US stocks have managed modest gains after holding near the unchanged mark for much of the session as enthusiasm over the US-China trade truce faded after the United States threatened tariffs on additional European goods.
Washington’s proposed tariffs on $US4 billion ($A5.7 billion) worth of European Union goods in an extended dispute over aircraft subsidies came just as trade tensions with China seemed to be easing.
Still, stocks have rallied to push the S&P 500 to a record for a second straight session on Tuesday following the US trade truce with China. The benchmark index finished Monday’s session well off its highs, however, as investors questioned the lack of details in the agreement.
The S&P 500 had rallied nearly 7 per cent in June on hopes the two largest economies in the world would find a way to end their trade war.
With US and global economic data showing signs of slowing, the focus for investors will now turn to monetary policy and the upcoming earnings season.
“We’ve got a wait and see on the trade deal, a wait and see on the Fed, a wait and see on earnings and all of that is in front of us by at least two weeks,” said Art Hogan, chief market strategist at National Securities in New York.
“I am not surprised at all to see this market shift into sideways action.”
The Dow Jones Industrial Average on Tuesday rose 69.25 points, or 0.26 per cent, to 26,786.68; the S&P 500 gained 8.65 points, or 0.29 per cent, to 2,972.98; and the Nasdaq Composite added 17.93 points, or 0.22 per cent, to 8,109.09.
The softening data triggered a drop of about 3 per cent in crude oil prices despite an agreement among oil producers to extend supply cuts and pushed the energy sector down 1.74 per cent, the biggest drag on markets. The defensive real estate, up 1.82 per cent and utilities, up 1.24 per cent sectors were the best performers on the session.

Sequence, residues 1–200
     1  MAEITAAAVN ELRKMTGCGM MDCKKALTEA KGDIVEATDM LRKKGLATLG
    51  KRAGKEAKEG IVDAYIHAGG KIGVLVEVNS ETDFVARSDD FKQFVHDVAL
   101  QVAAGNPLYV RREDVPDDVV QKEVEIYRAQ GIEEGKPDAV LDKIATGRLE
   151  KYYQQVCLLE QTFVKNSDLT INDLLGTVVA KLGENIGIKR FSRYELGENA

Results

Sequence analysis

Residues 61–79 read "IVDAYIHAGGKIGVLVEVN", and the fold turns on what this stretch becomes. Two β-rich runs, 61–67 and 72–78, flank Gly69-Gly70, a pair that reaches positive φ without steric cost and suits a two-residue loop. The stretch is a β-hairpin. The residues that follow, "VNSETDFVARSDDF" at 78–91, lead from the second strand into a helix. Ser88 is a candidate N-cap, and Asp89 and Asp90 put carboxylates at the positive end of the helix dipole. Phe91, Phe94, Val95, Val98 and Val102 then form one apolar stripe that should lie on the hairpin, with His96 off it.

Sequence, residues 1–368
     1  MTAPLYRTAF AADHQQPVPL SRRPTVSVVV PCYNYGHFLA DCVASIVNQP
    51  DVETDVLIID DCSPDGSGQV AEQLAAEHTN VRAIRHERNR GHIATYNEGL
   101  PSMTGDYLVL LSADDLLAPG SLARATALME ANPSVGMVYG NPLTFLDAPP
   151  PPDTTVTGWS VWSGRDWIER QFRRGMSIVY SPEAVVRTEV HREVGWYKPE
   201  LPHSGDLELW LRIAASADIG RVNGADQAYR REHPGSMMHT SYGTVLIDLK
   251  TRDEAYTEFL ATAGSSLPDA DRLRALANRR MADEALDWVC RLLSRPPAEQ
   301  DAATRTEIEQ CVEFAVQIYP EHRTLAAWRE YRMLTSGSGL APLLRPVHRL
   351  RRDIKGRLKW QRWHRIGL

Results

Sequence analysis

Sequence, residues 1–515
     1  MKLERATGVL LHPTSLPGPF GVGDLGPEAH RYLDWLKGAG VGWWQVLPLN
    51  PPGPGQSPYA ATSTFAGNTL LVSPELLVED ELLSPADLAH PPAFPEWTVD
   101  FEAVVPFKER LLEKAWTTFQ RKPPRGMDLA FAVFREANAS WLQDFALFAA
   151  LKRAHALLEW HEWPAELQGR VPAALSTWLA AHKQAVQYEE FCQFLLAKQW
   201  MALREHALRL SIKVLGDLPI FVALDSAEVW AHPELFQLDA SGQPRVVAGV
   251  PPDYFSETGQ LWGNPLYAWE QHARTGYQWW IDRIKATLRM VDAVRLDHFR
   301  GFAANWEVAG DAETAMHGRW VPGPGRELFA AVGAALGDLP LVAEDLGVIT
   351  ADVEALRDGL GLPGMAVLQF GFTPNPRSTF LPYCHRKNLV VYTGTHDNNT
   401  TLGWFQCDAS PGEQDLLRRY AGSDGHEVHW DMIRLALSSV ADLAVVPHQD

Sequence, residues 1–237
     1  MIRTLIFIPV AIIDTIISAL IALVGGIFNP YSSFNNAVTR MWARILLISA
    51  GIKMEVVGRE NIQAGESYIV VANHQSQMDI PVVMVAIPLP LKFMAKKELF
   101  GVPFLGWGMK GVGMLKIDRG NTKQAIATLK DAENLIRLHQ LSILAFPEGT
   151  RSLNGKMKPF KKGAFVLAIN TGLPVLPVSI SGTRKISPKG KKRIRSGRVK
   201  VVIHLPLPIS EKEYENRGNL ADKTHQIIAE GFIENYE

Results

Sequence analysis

Oil majors Exxon Mobil and Chevron declined more than 1 per cent each, while Apache slumped more than 6 per cent.
Cleveland Fed president Loretta Mester, a Federal Reserve policymaker, on Tuesday expressed scepticism that a US interest rate cut is the right move until there are more signs the economy is moving to a truly weaker path.
Market participants still expect the Fed to cut interest rates at its July 30-31 policy meeting despite the latest developments in trade talks.
Automatic Data Processing lost 2.66 per cent, pressuring the tech-heavy Nasdaq, after market sources said brokerage Jefferies is re-offering 8 million of the company’s shares at a discount.
L3Harris Technologies gained 4.28 per cent, making it the best performer on the S&P 500, after Jefferies added the defence contractor to its top picks for aerospace and defence electronics for the second half of 2019.
Investors are now awaiting the monthly jobs report on Friday, which is expected to show the private sector added 160,000 jobs in June, after May’s sharp slowdown in jobs growth.
Advancing issues outnumbered declining ones on the NYSE by a 1.24-to-1 ratio; on Nasdaq, a 1.30-to-1 ratio favoured decliners.
The S&P 500 posted 41 new 52-week highs and 1 new low; the Nasdaq Composite recorded 65 new highs and 55 new lows.
About 6.36 billion shares changed hands in US exchanges, compared with the 7.02 billion daily average over the last 20 sessions.